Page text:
Friday, May 13, 2016

First Anniversary of Berkeley's Landmark Cell Phone "Right to Know" Law

First Anniversary of Berkeley's Landmark Cell Phone "Right to Know" Law

Berkeley's Cell Phone "Right to Know" Law

News Release, Electromagnetic Radiation Safety, May 12, 2016

Today is the first anniversary of Berkeley's landmark cell phone "right to know" law. The law requires cell phone retailers in the city either to post the city's safety notice about cell phone radiation or provide it to consumers.

Berkeley is the first city in the nation to pass a cell phone radiation ordinance since San Francisco disbanded with its ordinance after a two-year court battle with the CTIA, the cellphone industry's lobbying organization.
The CTIA filed a lawsuit to block implementation of the Berkeley law. Although litigation is ongoing in the Federal courts, the law went into effect on March 21st of this year based upon a ruling by the federal appeals court.

The CTIA claims that the law violates the industry's First Amendment rights as retailers would feel compelled to discuss an issue they are not prepared to discuss. Moreover, customers may be scared if they were directed to read the safety information which the FCC recommends be provided to consumers. This information is usually buried in user manuals which must be downloaded or hidden within smartphones.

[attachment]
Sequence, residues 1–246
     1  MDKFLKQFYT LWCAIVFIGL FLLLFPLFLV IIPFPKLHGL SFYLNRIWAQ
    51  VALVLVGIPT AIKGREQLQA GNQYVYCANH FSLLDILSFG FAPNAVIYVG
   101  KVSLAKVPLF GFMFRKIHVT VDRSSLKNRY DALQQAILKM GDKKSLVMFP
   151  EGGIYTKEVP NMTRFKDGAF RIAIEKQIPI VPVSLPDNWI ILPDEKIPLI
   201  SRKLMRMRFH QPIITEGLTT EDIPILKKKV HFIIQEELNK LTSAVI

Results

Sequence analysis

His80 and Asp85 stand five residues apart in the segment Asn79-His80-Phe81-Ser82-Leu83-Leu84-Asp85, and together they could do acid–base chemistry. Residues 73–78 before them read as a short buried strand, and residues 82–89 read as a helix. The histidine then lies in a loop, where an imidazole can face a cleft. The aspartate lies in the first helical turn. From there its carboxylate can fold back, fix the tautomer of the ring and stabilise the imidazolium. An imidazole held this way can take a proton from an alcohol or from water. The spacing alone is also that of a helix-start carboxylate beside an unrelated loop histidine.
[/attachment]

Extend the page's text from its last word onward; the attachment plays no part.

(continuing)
More than 170 news stories have been published about this law. The Associated Press distributed two stories in the past year.
For information about the ordinance, the lawsuit, and the news coverage see my Electromagnetic Radiation Safety website.


Joel M. Moskowitz, Ph.D., Director
Center for Family and Community Health
School of Public Health
University of California, Berkeley

Electromagnetic Radiation Safety
News Releases:
Twitter:                  @berkeleyprc

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